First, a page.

Turkey has requested Finland help it prosecute a resident living in Finland, who allegedly insulted President Recep Tayyip Erdogan on social media. The Turkish government claims that the man posted derogatory images and comments on Facebook in 2016.
The recent request by the Turkish government comes after both Finland and Sweden signed a “memorandum of understanding” with Turkey for them to join NATO. Under the agreement, Finland and Sweden will be expected to comply with extradition requests of individuals suspected of terrorism.
The man Turkey wants to be extradited has dual citizenship of Turkey and Finland, and has lived in the Nordic country for decades. Finland has reduced all previous requests, arguing that Turkish courts might not respect human rights, and, while the comments could be considered derogatory, his chances of a fair trial in Turkey are minimal.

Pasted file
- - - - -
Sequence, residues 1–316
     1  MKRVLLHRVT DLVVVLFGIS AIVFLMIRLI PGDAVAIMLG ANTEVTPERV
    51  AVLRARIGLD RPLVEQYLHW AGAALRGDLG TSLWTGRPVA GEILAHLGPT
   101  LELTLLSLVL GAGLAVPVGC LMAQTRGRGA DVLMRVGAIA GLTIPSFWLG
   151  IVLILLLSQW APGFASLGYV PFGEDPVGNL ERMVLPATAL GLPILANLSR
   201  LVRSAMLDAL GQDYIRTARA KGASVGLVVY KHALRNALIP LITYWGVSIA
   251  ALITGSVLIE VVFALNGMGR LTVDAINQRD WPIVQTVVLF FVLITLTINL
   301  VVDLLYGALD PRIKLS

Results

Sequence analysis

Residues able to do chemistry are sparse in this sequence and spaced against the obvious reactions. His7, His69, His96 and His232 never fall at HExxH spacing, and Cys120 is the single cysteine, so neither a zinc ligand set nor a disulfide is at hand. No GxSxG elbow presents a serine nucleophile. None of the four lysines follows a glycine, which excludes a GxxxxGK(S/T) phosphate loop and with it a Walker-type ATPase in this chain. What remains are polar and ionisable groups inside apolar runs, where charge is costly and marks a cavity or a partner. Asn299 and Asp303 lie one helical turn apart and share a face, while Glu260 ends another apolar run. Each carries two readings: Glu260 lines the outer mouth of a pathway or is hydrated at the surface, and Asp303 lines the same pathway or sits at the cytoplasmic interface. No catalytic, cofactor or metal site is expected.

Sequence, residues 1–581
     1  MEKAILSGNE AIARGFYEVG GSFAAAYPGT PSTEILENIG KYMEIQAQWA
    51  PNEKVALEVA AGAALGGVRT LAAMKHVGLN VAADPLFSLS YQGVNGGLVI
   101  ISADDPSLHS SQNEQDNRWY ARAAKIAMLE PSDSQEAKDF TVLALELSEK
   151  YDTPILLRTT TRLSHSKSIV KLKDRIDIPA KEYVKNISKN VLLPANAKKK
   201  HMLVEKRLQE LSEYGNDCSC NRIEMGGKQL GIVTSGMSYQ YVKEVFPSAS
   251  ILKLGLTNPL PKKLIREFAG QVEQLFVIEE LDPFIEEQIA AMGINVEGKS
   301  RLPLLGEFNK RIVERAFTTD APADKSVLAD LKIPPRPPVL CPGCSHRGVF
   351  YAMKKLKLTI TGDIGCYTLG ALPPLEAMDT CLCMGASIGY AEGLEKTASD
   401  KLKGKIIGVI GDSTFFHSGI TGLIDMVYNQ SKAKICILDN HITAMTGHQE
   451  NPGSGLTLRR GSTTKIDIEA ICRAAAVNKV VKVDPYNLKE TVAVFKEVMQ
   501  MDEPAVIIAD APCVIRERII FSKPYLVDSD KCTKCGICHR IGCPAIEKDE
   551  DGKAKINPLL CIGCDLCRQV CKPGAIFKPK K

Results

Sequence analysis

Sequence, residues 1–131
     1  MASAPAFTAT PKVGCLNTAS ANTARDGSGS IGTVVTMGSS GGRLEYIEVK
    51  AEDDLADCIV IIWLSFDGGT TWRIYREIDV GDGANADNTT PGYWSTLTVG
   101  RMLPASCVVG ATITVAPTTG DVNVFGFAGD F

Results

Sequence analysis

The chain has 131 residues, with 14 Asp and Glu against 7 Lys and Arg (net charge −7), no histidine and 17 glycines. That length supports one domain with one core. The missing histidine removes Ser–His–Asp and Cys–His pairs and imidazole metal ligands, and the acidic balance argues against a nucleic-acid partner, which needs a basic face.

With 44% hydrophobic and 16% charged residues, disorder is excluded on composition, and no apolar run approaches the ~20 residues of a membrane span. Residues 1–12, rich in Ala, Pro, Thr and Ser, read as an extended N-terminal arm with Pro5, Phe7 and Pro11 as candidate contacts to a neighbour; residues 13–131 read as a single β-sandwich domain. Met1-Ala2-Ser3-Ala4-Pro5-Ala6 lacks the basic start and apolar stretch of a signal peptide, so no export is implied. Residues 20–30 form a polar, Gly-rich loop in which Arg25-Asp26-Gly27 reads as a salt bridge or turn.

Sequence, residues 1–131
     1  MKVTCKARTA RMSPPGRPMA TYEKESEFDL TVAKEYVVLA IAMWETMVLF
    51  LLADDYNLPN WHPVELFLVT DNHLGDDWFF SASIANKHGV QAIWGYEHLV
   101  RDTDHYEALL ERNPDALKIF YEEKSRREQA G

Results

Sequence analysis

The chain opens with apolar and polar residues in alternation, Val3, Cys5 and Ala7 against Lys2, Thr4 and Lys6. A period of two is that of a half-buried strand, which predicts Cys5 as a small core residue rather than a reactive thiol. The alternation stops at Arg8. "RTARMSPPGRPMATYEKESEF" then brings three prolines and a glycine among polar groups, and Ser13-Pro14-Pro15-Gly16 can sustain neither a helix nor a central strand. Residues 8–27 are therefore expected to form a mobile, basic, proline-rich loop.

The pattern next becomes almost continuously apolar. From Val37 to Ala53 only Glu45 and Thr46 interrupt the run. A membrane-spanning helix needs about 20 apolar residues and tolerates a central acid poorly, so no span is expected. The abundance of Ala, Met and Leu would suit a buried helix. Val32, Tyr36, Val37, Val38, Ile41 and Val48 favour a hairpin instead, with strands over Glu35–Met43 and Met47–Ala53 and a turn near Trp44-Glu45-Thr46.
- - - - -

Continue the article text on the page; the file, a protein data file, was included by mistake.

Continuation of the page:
Turkey has a law making it illegal to insult the president. In 206, Ankara called for the prosecution of a German comedian after they posted a poem attacking Erdogan. Following the release of the poem, the Turkish consulate in the Netherlands encouraged people to report insults to Erdogan that they had heard.
Under the controversial law, tens of thousands of people, including children as young as 12, have been prosecuted.
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